Ireland's economy grew by 7.8% last year, making it the fastest growing economy in the Europe Union for the second successive year after growth accelerated sharply in the final three months of the year.
Ireland has rebounded quickly from a 2010 international bailout and its economy benefited in 2015 from further falls in unemployment, a bumper year for retail sales and a weak euro that boosted the country's large export sector.
The economy expanded by 2.7% on a quarterly basis from October to December, up from 1.5% in the previous quarter, the Central Statistics Office said.
"Momentum actually strengthened in the final quarter. This is well ahead of all expecations. The consumer has been the most positive surprise feature of 2015," Goodbody Stockbrokers chief economist Dermot O'Leary said.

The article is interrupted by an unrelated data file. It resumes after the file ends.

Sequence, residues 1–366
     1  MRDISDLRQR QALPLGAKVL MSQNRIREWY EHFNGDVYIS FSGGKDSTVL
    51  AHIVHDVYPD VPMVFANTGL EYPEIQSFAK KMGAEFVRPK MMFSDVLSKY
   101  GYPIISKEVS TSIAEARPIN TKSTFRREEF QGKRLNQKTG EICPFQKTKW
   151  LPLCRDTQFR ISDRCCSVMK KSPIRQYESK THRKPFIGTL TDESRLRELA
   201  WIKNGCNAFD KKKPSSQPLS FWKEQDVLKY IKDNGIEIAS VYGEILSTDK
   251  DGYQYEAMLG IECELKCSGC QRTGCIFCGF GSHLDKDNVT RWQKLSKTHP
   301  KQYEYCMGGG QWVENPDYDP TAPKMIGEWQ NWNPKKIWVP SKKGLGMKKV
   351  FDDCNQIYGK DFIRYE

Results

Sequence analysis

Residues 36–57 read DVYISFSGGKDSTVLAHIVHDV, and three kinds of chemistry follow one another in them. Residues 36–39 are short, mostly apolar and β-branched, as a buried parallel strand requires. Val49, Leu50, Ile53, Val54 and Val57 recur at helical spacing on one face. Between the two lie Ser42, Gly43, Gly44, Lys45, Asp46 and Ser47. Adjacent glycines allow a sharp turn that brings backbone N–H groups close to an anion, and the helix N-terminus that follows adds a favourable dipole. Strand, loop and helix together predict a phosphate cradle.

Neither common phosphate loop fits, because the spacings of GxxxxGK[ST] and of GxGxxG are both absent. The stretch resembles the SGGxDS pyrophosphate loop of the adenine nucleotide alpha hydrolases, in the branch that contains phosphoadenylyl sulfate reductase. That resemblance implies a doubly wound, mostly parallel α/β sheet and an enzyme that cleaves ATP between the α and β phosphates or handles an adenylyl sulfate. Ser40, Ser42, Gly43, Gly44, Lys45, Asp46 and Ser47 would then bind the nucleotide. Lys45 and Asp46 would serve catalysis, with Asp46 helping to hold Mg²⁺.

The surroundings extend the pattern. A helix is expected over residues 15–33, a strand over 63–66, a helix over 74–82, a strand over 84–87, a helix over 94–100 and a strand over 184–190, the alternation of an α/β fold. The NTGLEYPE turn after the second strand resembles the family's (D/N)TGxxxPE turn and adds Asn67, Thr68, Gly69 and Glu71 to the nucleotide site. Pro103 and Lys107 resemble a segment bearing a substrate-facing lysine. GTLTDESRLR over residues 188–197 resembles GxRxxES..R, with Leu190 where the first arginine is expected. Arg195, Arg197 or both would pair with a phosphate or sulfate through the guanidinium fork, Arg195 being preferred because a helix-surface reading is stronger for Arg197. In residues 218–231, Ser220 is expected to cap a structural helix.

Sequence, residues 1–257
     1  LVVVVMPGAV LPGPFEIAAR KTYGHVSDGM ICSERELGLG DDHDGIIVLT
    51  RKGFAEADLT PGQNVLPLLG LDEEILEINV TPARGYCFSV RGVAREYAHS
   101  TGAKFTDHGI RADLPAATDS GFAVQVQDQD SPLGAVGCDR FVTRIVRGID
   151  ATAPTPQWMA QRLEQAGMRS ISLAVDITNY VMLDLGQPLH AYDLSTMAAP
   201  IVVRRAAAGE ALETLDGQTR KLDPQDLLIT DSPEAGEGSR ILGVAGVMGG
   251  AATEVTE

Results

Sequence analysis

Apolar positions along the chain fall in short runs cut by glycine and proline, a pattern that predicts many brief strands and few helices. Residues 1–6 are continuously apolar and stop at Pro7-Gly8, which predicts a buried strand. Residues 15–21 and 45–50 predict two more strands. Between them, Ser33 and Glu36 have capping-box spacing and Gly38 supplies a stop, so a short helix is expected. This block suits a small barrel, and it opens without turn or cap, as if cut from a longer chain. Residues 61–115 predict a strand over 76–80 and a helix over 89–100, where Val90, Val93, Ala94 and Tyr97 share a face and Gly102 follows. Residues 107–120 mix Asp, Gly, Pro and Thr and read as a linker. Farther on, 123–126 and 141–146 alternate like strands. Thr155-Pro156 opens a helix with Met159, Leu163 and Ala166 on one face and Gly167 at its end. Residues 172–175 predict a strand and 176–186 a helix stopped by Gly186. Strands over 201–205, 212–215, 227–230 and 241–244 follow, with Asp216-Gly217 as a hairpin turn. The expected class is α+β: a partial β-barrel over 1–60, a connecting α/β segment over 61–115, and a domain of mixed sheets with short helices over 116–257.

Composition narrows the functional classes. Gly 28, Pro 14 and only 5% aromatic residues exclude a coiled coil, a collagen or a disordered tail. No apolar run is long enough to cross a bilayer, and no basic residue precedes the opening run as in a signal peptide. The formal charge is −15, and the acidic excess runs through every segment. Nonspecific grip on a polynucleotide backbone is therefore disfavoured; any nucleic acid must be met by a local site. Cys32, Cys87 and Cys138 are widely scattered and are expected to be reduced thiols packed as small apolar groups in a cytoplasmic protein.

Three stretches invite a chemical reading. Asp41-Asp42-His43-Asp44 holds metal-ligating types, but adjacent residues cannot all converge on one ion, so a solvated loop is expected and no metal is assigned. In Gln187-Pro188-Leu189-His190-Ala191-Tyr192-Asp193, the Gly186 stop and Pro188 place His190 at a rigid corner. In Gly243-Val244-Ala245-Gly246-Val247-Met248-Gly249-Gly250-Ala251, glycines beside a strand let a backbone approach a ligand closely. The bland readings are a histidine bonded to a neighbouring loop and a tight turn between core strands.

"We're not going to get the same growth in 2016, but certainly in the European context there is a lot of momentum coming into this year and we will well exceed the rest of europe."
The government had forecast that growth in the economy might exceed 7% and the official forecast for 2016 of 4.3 percent would likely see it retain the mantle of the best performer in Europe.
While sterling's recent depreciation against the euro may hit export growth this year - given Britain's trade clout with Ireland - economic data in the first two months have been broadly positive.
Thursday's figures showed personal consumption rose by over 3% last year, indicating that the domestic economy can pick up any slack.
Robust gross domestic product (GDP) growth is only gradually filtering down to many people, however, and was one of the major factors behind voters rejecting the country's outgoing coalition at elections last month.
The election produced no clear outcome, making Ireland the latest euro zone state to face a prolonged political stalemate which senior ministers say could take weeks to break. (Reuters)